ISSN (Print) - 0012-9976 | ISSN (Online) - 2349-8846

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A Committed Scholar

C P Bhambri believed that the task of social science, like all other sciences, was to arrive at the truth on the basis of well-established facts. It was for his students and listeners to present an alternative argument and the facts to back it.

Doctoral Journeys

The ways in which three doctoral scholars engaged in ethnographic research in differing social worlds are explored here. Accounting for the ethical–political dilemmas engendered by “fieldwork” and the ways in which we grappled with them, this paper reflects upon methodology and questions of power pertaining to disciplinary boundaries, social identities, and researcher–practitioner binaries that have marked key debates within scholarship on the Indian social. This reflection draws from our vantage point as doctoral students, particularly addressing our preparedness for the messiness of field participation and converting field notes into authorial accounts. The arguments in the paper feed into larger conversations around representation in the social sciences. By foregrounding our ethical–moral positions and the institutional spaces (or the lack thereof) to act upon such imperatives, the paper raises important questions about the dilemmas of authoring social worlds.

Trump’s Policies and Billionaire Indian Dreams

Passage from India to America: Billionaire Engineers, Extremist Politics & Advantage to Canada & China by Ignatius Chithelen, Bryant Park Publishers LLC, New York, 2018; pp 212, $40.95 (hardcover).

Where Is the Data to Study the Internet in India?

Social science researchers who want to study the internet in India using data mining and analytic techniques are challenged by constraints in access, and the availability of big data. Even when such data is available, it is often behind a paywall or organised in a manner that makes it difficult to interpret.

Why India Needs JNU

A lifelong associate of Jawaharlal Nehru University reflects on what JNU means to higher education, research, and indeed what it means to the people of India.

Making Good Citizens : Teaching Fundamental Duties in Schools

A committee headed by Justice J S Verma constituted to examine the teaching of fundamental duties in institutions of learning submitted a comprehensive report in 1999. This essay examines the recommendations in the broad context of the ongoing debate on social science curriculum in schools, focusing on the manner in which some of the contested issues within citizenship theory have been explored.

Making Social Science Matter - II

Part I of this paper, which appeared last week, described the patterns of participation of the rural poor in state-sponsored schemes and the characteristics of political society in each of the blocks and districts studied. It also provided evidence on the scale and significane of rent-seeking behaviour, and a preliminary mapping of what has been called 'the anthropology of the everyday state'. We turn now to a discussion of an 'action research' project that followed on from our 'academic' research. This project involved the research team in a prolonged dialogue with different groups of actors in Malda and Bhojpur districts that we had identified as 'failing' districts from the point of view of effective pro-poor governance. We comment briefly on the background to this research and describe how we organised the action research process before proceeding to present the main findings of the workshops that we held in these two districts. These findings speak of the ways in which different groups of stakeholders, and members of the rural poor most especially, see the state in Bhojpur and Malda and how they would like to see certain practices of the state abolished, extended or reformed.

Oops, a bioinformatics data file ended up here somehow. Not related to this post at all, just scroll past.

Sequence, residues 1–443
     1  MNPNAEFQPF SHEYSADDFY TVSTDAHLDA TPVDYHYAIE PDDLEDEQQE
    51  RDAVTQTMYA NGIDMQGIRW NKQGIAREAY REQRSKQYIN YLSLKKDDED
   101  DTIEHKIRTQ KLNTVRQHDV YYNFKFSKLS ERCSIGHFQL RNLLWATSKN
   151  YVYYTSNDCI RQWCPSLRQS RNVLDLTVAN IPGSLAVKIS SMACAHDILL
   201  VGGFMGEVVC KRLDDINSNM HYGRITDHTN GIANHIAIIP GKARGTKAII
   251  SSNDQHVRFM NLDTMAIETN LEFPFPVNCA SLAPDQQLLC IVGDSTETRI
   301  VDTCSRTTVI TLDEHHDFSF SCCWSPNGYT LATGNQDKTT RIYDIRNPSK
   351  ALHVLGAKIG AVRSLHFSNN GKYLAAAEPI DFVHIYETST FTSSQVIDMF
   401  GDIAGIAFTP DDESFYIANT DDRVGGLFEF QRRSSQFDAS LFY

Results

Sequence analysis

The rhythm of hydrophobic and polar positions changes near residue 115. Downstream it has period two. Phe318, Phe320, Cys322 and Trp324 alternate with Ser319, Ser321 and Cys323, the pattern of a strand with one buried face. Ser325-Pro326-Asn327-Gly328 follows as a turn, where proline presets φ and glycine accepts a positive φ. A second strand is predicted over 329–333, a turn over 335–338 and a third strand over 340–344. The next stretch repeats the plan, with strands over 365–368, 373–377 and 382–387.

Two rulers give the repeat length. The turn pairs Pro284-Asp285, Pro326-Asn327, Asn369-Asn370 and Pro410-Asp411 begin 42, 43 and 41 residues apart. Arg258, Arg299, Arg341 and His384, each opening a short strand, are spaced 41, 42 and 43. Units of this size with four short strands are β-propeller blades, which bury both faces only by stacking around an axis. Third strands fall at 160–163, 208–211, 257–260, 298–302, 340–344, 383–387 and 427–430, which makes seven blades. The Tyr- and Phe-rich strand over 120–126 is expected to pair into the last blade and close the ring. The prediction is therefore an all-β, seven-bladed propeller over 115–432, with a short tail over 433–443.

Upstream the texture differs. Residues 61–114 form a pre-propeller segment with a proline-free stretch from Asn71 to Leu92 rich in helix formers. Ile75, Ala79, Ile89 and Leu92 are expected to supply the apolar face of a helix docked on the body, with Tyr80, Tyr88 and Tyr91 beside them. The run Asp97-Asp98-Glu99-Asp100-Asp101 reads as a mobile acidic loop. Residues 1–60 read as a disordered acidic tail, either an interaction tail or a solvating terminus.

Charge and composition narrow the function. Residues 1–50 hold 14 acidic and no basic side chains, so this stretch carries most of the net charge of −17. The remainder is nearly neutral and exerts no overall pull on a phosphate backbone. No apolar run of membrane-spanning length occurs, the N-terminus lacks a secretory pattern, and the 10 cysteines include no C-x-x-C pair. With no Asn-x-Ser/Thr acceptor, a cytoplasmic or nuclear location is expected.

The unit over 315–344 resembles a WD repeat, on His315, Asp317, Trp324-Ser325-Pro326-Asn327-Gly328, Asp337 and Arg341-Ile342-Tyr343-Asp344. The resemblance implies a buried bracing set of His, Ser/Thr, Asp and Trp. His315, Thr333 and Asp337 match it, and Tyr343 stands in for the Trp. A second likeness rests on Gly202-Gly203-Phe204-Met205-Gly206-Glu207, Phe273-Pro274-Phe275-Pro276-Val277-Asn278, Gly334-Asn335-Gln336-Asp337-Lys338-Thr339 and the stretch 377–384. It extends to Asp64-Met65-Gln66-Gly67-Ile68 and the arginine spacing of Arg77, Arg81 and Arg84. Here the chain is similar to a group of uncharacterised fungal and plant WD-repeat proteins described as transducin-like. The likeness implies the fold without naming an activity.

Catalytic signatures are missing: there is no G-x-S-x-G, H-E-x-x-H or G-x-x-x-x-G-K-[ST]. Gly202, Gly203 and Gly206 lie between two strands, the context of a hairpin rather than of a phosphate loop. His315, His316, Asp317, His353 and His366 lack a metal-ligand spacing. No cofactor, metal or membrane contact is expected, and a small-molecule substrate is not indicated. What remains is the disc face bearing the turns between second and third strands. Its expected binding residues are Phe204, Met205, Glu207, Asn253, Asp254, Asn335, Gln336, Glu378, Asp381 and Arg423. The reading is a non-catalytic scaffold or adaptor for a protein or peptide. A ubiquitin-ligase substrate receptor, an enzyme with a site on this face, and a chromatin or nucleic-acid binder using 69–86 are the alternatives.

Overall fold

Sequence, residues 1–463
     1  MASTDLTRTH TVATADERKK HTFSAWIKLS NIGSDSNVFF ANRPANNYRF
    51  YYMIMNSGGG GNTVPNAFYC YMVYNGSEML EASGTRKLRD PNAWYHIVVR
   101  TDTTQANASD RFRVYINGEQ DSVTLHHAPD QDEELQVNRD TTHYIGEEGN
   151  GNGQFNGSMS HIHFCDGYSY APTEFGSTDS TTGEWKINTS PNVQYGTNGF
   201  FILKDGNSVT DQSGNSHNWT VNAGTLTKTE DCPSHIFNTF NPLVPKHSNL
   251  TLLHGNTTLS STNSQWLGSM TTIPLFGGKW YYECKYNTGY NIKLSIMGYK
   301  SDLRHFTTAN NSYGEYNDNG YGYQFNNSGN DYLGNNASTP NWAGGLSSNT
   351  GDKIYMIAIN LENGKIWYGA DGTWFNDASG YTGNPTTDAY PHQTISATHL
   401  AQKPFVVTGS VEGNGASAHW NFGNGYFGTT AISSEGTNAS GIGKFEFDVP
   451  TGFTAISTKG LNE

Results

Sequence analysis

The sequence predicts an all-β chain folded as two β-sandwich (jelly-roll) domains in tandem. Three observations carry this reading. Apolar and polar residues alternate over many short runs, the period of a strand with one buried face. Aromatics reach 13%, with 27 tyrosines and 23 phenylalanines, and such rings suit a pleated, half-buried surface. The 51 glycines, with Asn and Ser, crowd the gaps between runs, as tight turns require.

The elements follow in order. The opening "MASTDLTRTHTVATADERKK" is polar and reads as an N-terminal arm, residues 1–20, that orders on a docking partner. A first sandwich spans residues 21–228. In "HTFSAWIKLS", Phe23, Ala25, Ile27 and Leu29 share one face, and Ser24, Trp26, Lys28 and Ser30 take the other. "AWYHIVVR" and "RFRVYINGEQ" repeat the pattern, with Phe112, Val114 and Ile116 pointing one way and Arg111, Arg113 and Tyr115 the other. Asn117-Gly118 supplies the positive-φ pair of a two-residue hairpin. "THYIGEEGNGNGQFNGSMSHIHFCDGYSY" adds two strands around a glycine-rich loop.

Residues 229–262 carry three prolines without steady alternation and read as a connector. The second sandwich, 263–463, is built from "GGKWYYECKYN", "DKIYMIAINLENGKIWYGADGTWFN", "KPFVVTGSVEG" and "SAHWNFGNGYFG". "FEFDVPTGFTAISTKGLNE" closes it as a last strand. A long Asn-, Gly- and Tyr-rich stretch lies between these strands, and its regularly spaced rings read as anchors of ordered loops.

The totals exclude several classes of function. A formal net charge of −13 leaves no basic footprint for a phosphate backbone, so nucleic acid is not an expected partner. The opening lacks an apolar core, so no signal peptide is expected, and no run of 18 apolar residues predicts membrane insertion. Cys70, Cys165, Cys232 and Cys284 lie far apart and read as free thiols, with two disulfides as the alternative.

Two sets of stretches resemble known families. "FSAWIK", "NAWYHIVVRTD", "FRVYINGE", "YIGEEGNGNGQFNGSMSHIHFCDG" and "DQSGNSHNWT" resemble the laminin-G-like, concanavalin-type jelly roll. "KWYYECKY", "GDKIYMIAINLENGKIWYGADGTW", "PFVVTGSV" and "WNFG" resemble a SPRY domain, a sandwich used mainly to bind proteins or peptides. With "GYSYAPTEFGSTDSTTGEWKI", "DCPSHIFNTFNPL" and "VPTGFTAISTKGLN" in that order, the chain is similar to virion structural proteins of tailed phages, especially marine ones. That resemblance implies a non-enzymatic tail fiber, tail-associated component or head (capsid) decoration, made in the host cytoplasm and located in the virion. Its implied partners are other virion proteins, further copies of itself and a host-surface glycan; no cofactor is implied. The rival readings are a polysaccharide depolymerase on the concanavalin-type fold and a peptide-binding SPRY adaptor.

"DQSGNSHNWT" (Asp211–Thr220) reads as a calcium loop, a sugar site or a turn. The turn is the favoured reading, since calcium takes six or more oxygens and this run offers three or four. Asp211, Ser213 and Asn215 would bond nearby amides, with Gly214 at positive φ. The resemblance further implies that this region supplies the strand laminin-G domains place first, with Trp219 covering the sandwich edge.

SARS: Public Health and Social Science Perspectives

SARS is unprecedented in many ways. For one, we may well be the first real epidemic of a globalised Asia. Second, it has prompted new measures put in place rapidly and with wide scope to counter the spread of the disease. How has SARS been perceived by the public and what are the social consequences of the outbreak and the responses? What can we learn about governance from the SARS outbreak? How will it impact on the planning of public health systems, much neglected in this region in the race for economic development in the era of globalisation?

Making Social Science Matter - I

The state in its efforts to meet the needs of the poor has four major functions of governance - developmental, empowermental, protective and disciplinary. This paper, based on fieldwork across the rural areas in three states, probes the Employment Assurance Scheme to understand the state's performance on these parameters as well as aspects of participation, governance and political society. What is revealed is the complexity and divergence of state action - conflicts within and between different agencies of the state, as also the challenges posed to these agencies by civil and political society groups. Also clear is that the participation of the poor in development programmes cannot easily be stepped up in the absence of supporting actors in political society. Part I of the paper presents the initial findings as they relate to the development and empowerment functions of the state. Part II, to be published next week, will develop the argument further through discussion of an 'action research' project that followed on from the authors' 'academic' research.
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